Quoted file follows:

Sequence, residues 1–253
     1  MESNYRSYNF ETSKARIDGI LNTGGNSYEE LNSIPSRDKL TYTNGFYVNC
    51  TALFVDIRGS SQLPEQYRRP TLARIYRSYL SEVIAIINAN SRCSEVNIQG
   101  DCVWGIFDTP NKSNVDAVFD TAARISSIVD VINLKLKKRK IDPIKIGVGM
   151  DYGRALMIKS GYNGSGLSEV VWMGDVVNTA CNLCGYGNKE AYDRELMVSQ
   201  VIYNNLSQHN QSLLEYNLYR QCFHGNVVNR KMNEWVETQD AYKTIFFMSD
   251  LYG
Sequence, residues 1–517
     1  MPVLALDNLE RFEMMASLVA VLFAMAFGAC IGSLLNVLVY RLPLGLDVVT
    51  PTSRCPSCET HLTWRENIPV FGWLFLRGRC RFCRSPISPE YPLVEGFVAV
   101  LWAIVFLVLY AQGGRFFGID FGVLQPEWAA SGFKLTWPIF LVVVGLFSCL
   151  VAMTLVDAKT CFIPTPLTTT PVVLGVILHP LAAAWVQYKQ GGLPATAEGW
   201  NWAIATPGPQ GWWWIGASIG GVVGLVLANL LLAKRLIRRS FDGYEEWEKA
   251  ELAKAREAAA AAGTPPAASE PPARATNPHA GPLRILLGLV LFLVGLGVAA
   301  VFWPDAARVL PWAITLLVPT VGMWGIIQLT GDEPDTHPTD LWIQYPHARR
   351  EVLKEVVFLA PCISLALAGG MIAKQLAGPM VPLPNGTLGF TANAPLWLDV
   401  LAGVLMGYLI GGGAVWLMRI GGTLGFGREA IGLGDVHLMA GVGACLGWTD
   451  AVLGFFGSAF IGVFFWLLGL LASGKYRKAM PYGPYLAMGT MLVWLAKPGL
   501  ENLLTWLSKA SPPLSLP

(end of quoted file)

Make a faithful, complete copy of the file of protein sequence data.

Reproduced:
Sequence, residues 1–253
     1  MESNYRSYNF ETSKARIDGI LNTGGNSYEE LNSIPSRDKL TYTNGFYVNC
    51  TALFVDIRGS SQLPEQYRRP TLARIYRSYL SEVIAIINAN SRCSEVNIQG
   101  DCVWGIFDTP NKSNVDAVFD TAARISSIVD VINLKLKKRK IDPIKIGVGM
   151  DYGRALMIKS GYNGSGLSEV VWMGDVVNTA CNLCGYGNKE AYDRELMVSQ
   201  VIYNNLSQHN QSLLEYNLYR QCFHGNVVNR KMNEWVETQD AYKTIFFMSD
   251  LYG
Sequence, residues 1–517
     1  MPVLALDNLE RFEMMASLVA VLFAMAFGAC IGSLLNVLVY RLPLGLDVVT
    51  PTSRCPSCET HLTWRENIPV FGWLFLRGRC RFCRSPISPE YPLVEGFVAV
   101  LWAIVFLVLY AQGGRFFGID FGVLQPEWAA SGFKLTWPIF LVVVGLFSCL
   151  VAMTLVDAKT CFIPTPLTTT PVVLGVILHP LAAAWVQYKQ GGLPATAEGW
   201  NWAIATPGPQ GWWWIGASIG GVVGLVLANL LLAKRLIRRS FDGYEEWEKA
   251  ELAKAREAAA AAGTPPAASE PPARATNPHA GPLRILLGLV LFLVGLGVAA
   301  VFWPDAARVL PWAITLLVPT VGMWGIIQLT GDEPDTHPTD LWIQYPHARR
   351  EVLKEVVFLA PCISLALAGG MIAKQLAGPM VPLPNGTLGF TANAPLWLDV
   401  LAGVLMGYLI GGGAVWLMRI GGTLGFGREA IGLGDVHLMA GVGACLGWTD
   451  AVLGFFGSAF IGVFFWLLGL LASGKYRKAM PYGPYLAMGT MLVWLAKPGL
   501  ENLLTWLSKA SPPLSLP